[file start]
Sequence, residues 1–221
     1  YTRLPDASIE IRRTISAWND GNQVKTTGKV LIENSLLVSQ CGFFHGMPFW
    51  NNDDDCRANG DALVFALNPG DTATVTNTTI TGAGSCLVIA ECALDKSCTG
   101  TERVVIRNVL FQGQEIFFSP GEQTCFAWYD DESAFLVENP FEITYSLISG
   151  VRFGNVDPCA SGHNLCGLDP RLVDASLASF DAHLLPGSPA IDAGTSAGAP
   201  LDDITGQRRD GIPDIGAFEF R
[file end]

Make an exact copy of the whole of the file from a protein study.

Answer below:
Sequence, residues 1–221
     1  YTRLPDASIE IRRTISAWND GNQVKTTGKV LIENSLLVSQ CGFFHGMPFW
    51  NNDDDCRANG DALVFALNPG DTATVTNTTI TGAGSCLVIA ECALDKSCTG
   101  TERVVIRNVL FQGQEIFFSP GEQTCFAWYD DESAFLVENP FEITYSLISG
   151  VRFGNVDPCA SGHNLCGLDP RLVDASLASF DAHLLPGSPA IDAGTSAGAP
   201  LDDITGQRRD GIPDIGAFEF R